I've seen your username before on CSCQ. Tell me - is there any hope for people like me? Any way that I can come even close to matching your total compensation anytime soon (Which I'm assuming is around $350kish)?


> The job market is imploding around us while we work cushy tech jobs. Abject misery abounds as people lose their loved ones and their livelihoods.

This is also the case for people at Google, etc but they still manage to find time to complain about not being able to expense their lunches [0]

Overall I don't disagree, but the path to JS or equivalent companies seems to be astonishingly narrow given the fact that I didn't join there out of undergrad and I'm currently at a company that Jane Street recruiters don't consider to be impressive or noteworthy.

> And don't be so hard on yourself. If you've made it as far as you have, you definitely have successful characteristics. You're not special, and that's OK. But just because you're not special doesn't mean you don't have successful characteristics.

I'd say I'm exactly as hard on myself as society is. Everyone else gets constant external validation - all I get is signals to say I'm stupid.

[0]: https://www.cnbc.com/2020/05/06/google-tells-employees-not-t...


>they still manage to find time to complain about not being able to expense their lunches

No one but perhaps the most incapable of taking simple care of themselves is complaining about it. Teams are allocated yearly budgets to do team-oriented events and other things. That money is now going unused. One of the suggestions was to donate it, which is also prohibited, but I guess that's not as catchy of a headline.


People should not be complaining then about their $25k salaries, either. Because there are way too many people on this planet who do not have even that. (And, oh, by the way, one could be sent off to war only to die there after plenty of suffering.)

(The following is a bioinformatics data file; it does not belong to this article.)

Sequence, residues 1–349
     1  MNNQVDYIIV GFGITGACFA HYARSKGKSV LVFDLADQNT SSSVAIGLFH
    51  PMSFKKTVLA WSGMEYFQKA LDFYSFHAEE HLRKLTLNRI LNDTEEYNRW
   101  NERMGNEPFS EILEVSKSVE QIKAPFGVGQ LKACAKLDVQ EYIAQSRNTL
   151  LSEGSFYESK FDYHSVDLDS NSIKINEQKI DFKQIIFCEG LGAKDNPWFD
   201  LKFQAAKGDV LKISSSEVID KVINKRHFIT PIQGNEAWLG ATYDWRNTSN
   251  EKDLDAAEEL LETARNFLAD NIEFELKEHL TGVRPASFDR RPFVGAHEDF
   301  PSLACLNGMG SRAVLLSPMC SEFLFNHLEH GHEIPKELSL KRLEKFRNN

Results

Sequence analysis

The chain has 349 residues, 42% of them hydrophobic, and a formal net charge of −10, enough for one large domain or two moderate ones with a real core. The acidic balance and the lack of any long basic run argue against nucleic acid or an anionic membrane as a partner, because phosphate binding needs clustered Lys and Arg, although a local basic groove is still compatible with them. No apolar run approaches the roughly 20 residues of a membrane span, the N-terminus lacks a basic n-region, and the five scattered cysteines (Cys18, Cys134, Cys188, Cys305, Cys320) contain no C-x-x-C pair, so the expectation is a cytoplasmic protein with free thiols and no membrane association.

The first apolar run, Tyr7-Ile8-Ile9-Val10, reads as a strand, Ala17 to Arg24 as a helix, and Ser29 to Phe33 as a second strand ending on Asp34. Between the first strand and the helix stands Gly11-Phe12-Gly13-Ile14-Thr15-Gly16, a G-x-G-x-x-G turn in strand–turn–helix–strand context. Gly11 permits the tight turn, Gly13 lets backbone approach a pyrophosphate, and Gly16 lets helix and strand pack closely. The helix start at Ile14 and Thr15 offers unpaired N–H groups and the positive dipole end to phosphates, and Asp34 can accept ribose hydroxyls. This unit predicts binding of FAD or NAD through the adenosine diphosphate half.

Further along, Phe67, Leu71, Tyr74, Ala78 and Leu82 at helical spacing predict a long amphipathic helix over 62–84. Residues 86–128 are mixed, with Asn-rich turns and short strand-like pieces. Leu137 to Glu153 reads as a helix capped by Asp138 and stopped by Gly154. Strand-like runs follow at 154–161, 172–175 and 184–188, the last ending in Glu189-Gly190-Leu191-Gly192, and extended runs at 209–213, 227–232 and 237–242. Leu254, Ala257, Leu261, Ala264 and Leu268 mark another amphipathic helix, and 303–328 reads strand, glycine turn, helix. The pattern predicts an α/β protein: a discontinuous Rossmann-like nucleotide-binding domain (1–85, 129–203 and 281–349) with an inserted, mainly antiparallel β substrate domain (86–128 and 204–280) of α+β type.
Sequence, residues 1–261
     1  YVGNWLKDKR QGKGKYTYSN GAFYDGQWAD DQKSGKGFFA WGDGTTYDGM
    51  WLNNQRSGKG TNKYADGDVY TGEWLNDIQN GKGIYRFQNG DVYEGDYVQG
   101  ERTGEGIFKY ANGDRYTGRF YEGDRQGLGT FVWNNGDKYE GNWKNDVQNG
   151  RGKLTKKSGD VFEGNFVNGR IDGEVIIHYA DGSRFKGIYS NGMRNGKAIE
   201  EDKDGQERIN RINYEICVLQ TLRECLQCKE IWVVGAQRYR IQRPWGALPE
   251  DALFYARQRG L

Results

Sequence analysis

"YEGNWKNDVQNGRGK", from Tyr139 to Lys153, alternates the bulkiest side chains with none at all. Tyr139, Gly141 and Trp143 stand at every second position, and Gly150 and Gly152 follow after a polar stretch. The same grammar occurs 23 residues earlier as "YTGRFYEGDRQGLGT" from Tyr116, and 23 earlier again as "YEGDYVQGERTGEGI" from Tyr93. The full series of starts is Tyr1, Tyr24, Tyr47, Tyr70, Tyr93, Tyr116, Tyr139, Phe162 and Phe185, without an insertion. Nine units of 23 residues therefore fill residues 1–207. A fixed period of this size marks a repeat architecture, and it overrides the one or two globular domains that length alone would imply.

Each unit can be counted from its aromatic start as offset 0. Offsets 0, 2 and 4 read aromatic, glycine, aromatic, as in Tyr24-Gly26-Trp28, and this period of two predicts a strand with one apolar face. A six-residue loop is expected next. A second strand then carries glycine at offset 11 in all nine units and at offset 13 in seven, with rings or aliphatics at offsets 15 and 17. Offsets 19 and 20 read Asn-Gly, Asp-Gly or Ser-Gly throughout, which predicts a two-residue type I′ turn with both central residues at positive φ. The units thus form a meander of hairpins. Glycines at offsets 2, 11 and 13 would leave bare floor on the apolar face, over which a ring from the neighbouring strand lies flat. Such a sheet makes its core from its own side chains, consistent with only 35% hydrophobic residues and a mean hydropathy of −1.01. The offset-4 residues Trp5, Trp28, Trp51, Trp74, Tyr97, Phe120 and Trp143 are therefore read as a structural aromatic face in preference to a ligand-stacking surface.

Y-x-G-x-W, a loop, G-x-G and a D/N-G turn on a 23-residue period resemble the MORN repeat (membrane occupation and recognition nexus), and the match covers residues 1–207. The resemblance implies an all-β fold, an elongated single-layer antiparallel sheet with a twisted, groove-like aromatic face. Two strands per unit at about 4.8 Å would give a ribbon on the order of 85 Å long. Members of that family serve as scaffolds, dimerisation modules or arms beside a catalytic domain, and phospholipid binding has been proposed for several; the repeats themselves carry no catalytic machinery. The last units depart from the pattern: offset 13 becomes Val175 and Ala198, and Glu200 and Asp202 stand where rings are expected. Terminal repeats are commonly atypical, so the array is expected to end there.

Cut the bullshit please, $150k is simply good money even in Silicon Valley and great pretty much everywhere else on Earth.


It's helpful for your mental health to not take anecdotal "salary reports" on HN seriously. Whenever salary comes up, everyone here knows someone whose brother's roommate pinky-swear definitely makes $400K at Facebook, therefore this must be "normal salary" there. I've worked for a number of companies talked about here and have never even made close to the "HN Quoted Average Salary." Voluntary online salary boasts from random people are going to tend to bias high. You're probably doing fine.


That's kind of you to say, but I do personally know lots of people at Facebook, Google, Lyft, Citadel, Stripe etc that _do_ make this much or more. Meanwhile, even the L6's at my company make around $300k - that's about what E4's make at Google. Plus, levels.fyi is generally pretty accurate.